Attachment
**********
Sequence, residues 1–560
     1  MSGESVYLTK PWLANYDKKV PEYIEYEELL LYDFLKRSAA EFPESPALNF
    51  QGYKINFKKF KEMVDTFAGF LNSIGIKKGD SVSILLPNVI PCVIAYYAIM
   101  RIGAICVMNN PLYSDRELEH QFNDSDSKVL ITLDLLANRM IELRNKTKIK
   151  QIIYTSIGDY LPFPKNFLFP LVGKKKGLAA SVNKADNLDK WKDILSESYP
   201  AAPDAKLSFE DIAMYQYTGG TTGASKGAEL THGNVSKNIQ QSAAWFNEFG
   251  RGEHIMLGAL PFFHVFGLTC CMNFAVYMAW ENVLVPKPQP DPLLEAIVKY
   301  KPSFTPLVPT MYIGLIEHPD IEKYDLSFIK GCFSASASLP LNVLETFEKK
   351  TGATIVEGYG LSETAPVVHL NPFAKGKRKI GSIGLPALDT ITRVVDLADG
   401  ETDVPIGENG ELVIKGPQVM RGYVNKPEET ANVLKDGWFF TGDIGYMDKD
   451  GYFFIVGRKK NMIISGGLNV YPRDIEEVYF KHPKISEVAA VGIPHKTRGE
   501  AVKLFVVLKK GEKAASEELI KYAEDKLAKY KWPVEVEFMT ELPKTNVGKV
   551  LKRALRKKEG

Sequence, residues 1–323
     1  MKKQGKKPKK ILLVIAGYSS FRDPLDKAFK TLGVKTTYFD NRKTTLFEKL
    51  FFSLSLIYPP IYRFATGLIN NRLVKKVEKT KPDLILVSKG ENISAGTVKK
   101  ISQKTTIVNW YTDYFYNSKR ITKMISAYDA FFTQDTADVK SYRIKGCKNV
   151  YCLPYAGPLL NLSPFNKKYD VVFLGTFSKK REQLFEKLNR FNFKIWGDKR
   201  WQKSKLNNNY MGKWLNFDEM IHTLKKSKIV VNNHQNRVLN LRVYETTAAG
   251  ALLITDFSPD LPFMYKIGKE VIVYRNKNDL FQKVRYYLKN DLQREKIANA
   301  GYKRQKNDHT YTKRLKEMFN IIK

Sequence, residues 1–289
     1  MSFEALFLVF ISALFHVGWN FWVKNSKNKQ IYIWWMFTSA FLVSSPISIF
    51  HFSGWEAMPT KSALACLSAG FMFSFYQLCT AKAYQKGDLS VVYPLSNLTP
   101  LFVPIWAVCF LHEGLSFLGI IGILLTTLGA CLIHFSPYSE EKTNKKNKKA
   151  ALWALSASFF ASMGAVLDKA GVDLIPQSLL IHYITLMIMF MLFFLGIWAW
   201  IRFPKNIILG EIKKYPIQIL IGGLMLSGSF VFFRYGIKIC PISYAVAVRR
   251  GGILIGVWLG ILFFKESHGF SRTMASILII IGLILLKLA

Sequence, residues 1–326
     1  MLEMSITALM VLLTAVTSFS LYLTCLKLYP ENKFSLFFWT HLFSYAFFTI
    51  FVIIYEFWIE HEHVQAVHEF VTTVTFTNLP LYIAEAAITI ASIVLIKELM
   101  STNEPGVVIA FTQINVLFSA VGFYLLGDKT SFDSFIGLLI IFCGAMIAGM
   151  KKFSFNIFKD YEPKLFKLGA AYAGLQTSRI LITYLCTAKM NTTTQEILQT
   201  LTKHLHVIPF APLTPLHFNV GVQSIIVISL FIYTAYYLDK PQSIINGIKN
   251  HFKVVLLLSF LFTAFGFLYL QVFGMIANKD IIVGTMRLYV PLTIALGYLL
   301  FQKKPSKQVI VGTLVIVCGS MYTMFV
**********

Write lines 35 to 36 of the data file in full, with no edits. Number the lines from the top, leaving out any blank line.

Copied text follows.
   251  HFKVVLLLSF LFTAFGFLYL QVFGMIANKD IIVGTMRLYV PLTIALGYLL
   301  FQKKPSKQVI VGTLVIVCGS MYTMFV